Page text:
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In "NCERT Chemistry for Class XI - Volume II", in chapter "s-block elements", under the topic "Chemical Properties of alkali metals", it is given:

(vi) Solutions in liquid ammonia: The alkali metals dissolve in liquid ammonia giving deep blue solutions which are conducting in nature.

$$\ce{M + $(x + y)$ NH3 -> [M(NH3)_x]+ + [e(NH3)_y]- }$$

The blue colour of the solution is due to the ammoniated electron which absorbs energy in the visible region of light and thus imparts blue colour to the solution. The solutions are paramagnetic and on standing slowly liberate hydrogen resulting in the formation of amide.

$$\ce{M+(am) + e- + NH3(l) -> MNH2(am) + 1/2 H2(g)}$$

(where ‘am’ denotes solution in ammonia.) In concentrated solution, the blue colour changes to bronze colour and becomes diamagnetic.

In the last set of lines, it is given that in concentrated solution, the blue colour changes to bronze colour and the paramagnetic solution becomes diamagnetic.

How does the change in concentration affect the magnetic properties of the solution?

Wikipedia has nothing to offer to clarify my doubt.

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    $\begingroup$ See this question and links therein $\endgroup$ – Nilay Ghosh Sep 26 at 11:23
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    $\begingroup$ @NilayGhosh, As far as I read that, I find no answer to my question. But the source specified was useful. $\endgroup$ – M. Guru Vishnu Sep 26 at 11:45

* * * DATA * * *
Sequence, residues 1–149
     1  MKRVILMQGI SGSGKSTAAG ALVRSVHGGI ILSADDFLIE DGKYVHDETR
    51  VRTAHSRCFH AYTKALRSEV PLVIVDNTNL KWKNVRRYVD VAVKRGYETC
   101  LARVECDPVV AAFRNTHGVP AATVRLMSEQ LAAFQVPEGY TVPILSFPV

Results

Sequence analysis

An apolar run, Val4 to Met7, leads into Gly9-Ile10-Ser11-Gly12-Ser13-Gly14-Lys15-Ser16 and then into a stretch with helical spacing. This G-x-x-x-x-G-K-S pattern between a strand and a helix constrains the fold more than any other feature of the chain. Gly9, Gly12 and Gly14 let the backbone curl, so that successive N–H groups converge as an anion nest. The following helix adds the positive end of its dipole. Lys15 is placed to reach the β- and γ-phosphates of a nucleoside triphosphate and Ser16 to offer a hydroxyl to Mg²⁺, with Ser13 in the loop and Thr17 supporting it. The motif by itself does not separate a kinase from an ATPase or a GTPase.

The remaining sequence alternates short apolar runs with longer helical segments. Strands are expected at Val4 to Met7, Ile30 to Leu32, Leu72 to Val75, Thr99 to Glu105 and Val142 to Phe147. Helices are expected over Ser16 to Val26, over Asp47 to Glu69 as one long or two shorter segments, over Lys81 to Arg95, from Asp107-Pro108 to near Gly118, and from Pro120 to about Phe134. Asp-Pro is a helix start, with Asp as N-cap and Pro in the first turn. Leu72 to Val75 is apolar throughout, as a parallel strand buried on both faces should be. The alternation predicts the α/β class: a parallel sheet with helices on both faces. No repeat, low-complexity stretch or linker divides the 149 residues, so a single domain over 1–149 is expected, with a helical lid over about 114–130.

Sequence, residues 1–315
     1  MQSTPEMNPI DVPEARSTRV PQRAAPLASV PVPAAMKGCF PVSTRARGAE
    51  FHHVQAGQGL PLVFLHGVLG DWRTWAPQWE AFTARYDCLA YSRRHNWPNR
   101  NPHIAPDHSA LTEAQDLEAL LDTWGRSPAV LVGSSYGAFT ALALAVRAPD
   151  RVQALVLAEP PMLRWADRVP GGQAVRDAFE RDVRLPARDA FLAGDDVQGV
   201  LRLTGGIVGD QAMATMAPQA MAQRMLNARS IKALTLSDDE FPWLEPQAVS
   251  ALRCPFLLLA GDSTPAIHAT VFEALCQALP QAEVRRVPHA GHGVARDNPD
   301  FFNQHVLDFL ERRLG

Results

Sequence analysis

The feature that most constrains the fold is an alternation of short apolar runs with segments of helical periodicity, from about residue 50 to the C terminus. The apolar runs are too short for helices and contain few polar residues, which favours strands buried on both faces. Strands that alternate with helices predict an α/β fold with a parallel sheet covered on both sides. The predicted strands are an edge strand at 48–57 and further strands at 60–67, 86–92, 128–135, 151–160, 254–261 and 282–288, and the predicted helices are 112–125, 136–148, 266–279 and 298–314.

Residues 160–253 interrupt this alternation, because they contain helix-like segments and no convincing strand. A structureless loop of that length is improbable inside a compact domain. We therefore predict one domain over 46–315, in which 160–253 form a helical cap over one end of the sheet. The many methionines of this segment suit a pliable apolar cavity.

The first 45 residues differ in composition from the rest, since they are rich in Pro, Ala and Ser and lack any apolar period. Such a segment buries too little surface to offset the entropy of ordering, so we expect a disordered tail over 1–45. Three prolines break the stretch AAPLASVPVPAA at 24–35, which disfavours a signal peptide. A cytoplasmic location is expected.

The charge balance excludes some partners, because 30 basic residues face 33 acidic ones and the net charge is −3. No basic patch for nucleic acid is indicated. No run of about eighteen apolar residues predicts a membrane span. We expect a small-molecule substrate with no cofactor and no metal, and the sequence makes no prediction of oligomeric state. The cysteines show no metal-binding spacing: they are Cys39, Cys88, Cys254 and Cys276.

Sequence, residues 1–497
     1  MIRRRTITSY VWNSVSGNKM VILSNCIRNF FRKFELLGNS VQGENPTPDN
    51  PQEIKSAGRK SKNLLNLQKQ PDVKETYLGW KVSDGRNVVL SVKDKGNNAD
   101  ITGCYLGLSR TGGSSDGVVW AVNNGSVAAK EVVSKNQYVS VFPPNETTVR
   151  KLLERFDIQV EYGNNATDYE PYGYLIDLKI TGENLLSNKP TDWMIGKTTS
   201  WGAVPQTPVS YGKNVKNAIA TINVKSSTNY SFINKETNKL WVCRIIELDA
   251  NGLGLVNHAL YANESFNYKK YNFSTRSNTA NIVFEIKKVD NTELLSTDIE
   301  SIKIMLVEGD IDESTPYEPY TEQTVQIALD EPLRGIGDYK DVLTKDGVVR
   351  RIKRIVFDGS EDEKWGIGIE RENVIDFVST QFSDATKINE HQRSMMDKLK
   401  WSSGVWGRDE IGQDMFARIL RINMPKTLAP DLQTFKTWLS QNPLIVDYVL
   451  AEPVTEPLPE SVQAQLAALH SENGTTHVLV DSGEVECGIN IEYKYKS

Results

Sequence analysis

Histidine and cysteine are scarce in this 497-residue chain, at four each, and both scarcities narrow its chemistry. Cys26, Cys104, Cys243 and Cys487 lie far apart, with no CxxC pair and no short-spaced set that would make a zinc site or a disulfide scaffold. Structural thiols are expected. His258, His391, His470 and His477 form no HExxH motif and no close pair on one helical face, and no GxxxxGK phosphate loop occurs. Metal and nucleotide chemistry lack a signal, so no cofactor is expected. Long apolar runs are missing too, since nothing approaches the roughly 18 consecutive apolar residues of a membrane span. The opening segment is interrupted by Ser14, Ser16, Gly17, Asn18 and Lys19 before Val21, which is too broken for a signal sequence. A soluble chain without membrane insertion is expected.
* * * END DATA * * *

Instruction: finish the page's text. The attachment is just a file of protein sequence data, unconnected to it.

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I always suggest students to try Google Scholar (scholar.google.com) when a simple Google search fails. I just searched three keywords : alkali metals ammonia solutions and the third result is highly relevant.

When your book talks about "in concentrated solution", it means more alkali metal in liquid ammonia. This paper, which you should search in Google Scholar, is titled A Revised Model for Ammonia Solutions of Alkali Metals, Journal of the American Society, Year 1962, volume 84, pg 2264). It talks about the formation of dimers of metals of the type $\ce{M2}$, because as you increase the metal conc. in ammonia solution conductivity decreases. The authors write, raising objections to older models as completely wrong show the following evidence:

"We picture the » species as a quadrupolar ionic assembly of $\ce{e- + 2M+}$ in which there is little distortion of either the ammoniated electrons or ammoniated metal ions. Presumably the electrons and ions are held in a square or rhombic configuration."

In short the picture is not that simple an no wonder the authors of a grade 12 book never discuss more details. You can start from here and search more.

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  • $\begingroup$ Thank you for sharing your advice to try Google Scholar :) $\endgroup$ – M. Guru Vishnu Sep 26 at 14:21

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